Sorry it’s been a little quiet on the ole blog front, we have recently had two lots of relatives visit. Michael’s parents for a week and my sister for week just gone. My sister Tabitha loved visiting Switzerland and also loved the Swiss food! We went for a day to visit a local castle in Spiez. Here they have recently redone the kitchen and food exhibit in the main castle so we enjoyed reading all the new information.
I have included a few photos from our visit:
This is an old sugar (Zucker) cone with chopping board. The Sugar used to be traded, transported and delivered in this way, similar to salt (Salz). Then it would be chopped off as required then mashed further to make it finer in a mortar. Additionally, the salt and sugar cones would have been kept in wooden containers to stop moisture affecting the quality.
They also had a great selection of herbs and spices which would have been used in meals to add flavour, alter or disguise the taste of food and to show the high status of the noble family living there. Again it was interesting to see meat of all kinds being used in the castle kitchen – there is evidence to suggest that Franz Ludwig von Erlach (1575-1651) had over 546 poultry items cooked for his wedding feast – from peacock to dove! The type of poultry be it moorhen, sparrow or peacock reflected how rich or poor a family were.
This is a Daubiere. A bit like a stewing pot and an early Burgundian version. The fence like lid allows embers and hot coals to be placed on top so that the food can cook more evenly.
This is my favourite find in Spiez Castle kitchen. A Waffle Pan! Waffle makers are common in both Austria and Switzerland. Nowadays you can get electrical ones and old fashioned metal ones which have intricate patterns on and are used over the stove or fire. However, this Waffle pan from Spiez Castle dated 1597 has not only patterns but also the noble family’s crest on it!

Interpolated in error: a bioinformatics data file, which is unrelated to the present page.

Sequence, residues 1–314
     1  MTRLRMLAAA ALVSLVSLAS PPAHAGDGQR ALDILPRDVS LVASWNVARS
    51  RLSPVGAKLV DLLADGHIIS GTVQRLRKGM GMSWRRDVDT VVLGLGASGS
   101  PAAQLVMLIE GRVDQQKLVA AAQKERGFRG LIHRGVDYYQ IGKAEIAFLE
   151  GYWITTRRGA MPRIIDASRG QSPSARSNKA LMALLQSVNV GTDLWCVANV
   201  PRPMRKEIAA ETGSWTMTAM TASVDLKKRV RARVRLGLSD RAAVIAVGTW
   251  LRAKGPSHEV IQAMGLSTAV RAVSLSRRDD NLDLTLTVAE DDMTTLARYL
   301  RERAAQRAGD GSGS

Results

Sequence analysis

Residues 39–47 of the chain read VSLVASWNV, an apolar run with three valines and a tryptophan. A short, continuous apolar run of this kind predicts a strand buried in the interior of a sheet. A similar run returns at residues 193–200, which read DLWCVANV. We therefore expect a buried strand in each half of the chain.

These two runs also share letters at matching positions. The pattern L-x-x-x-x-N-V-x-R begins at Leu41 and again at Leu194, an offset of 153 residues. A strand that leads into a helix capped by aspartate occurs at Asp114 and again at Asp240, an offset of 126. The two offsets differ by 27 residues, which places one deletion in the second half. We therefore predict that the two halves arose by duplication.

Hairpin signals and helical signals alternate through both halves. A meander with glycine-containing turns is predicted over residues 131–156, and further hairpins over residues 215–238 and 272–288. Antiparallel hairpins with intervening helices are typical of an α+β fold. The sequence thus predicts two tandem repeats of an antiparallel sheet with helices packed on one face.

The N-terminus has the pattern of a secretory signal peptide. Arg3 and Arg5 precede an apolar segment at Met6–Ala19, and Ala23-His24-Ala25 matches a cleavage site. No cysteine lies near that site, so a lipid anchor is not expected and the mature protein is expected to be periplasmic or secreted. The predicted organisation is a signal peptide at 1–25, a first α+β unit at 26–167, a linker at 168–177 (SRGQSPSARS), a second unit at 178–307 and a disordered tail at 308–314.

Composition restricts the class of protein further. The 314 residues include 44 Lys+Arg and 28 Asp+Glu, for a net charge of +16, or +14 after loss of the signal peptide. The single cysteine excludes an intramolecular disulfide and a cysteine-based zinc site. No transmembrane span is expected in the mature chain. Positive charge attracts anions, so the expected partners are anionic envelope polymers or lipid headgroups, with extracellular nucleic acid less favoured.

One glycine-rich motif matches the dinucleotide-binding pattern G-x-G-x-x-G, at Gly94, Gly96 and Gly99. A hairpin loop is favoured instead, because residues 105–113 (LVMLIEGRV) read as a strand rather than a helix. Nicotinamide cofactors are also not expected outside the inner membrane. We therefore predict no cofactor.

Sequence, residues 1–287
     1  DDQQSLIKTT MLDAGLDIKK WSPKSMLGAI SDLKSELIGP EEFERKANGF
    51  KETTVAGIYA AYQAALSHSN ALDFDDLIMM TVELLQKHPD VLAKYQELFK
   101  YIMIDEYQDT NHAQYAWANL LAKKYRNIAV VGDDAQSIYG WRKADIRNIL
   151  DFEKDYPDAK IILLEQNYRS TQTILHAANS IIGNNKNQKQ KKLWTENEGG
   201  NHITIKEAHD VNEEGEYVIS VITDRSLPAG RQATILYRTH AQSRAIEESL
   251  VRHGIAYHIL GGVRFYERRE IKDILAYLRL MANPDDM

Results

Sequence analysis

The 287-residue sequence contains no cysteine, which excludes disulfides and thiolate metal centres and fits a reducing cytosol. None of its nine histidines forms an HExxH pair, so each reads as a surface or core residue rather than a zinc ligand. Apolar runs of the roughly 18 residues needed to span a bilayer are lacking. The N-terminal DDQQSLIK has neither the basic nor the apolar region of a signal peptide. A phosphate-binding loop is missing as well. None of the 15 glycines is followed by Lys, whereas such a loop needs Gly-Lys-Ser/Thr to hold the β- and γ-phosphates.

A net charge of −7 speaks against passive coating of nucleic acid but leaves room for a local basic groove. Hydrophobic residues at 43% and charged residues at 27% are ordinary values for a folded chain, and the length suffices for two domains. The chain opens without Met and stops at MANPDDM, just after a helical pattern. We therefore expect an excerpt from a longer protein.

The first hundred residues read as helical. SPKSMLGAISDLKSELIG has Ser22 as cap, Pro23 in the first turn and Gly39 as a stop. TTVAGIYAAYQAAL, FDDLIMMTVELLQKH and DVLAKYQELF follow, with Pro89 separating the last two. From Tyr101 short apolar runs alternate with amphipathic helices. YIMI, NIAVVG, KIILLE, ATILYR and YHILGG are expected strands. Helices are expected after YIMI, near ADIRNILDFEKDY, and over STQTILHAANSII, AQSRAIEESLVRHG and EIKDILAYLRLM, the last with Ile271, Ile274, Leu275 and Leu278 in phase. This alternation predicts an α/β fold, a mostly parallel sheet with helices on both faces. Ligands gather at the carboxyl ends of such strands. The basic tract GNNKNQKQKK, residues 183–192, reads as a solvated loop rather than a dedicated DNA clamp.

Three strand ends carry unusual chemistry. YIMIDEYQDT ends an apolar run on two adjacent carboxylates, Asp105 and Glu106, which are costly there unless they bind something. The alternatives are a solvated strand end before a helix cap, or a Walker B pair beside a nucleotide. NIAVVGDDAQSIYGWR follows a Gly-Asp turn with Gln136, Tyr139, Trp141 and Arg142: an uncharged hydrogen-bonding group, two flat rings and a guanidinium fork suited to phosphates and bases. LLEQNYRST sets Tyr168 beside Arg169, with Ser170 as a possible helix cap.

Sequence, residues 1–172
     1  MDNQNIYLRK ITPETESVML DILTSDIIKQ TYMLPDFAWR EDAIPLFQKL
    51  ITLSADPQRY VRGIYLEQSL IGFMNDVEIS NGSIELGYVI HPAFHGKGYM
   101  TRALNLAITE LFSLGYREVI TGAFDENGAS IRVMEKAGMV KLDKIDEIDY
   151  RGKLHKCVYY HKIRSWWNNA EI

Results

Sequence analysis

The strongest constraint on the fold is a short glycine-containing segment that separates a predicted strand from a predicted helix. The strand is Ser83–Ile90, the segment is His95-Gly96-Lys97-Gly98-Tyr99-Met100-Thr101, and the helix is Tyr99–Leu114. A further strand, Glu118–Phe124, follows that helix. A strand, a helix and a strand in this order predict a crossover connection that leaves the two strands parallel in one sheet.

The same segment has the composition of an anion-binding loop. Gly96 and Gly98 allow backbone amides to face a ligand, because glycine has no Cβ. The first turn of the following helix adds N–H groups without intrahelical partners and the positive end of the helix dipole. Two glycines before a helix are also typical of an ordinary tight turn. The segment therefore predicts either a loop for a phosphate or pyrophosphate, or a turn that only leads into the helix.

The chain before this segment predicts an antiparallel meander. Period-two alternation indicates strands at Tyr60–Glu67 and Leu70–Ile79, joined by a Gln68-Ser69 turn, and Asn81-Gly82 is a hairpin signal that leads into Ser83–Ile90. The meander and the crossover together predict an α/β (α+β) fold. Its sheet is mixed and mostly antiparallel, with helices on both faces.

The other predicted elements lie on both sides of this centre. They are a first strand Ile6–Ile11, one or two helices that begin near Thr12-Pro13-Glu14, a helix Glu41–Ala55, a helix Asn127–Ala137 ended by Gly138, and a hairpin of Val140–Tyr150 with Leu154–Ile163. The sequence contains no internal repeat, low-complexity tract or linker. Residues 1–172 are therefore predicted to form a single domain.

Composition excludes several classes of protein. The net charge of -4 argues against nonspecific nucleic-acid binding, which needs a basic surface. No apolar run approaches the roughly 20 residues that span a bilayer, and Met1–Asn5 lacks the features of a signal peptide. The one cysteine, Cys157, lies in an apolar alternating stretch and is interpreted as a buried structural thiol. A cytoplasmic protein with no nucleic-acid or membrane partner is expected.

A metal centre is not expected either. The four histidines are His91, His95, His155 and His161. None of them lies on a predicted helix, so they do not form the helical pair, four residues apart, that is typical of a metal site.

We got to learn a little more about the history of Wine within the canton too. The old Phrase ‘Venice is built on water, but Berne upon wine’ is very true to the canton! Bern is the capital, but Spiez is a small town in the region. Spiez has many vineyards even now along the hillsides and has a large wine making industry. Today it is a big industry and important but in the 1500s it was key. The wine harvest and trade was essential to the Nobles prosperity and success. Additionally, wine was consumed in huge quantities not just because it was readily available; it was thought to also have healing health properties.
Overall, Tabitha and I really enjoyed Spiez town, castle and finding out the social history of how the castle worked and more importantly the food history. We thought we should end our food and historical tour of the town by popping into the local bakery for some local bread and cakes as the waffle pan had us thinking about pastries!
I hope you have enjoyed this piece, please do let me know what you think, and any of your own stories about food, cooking, animal raising or wine making!
Katy, The Good Life In Practice x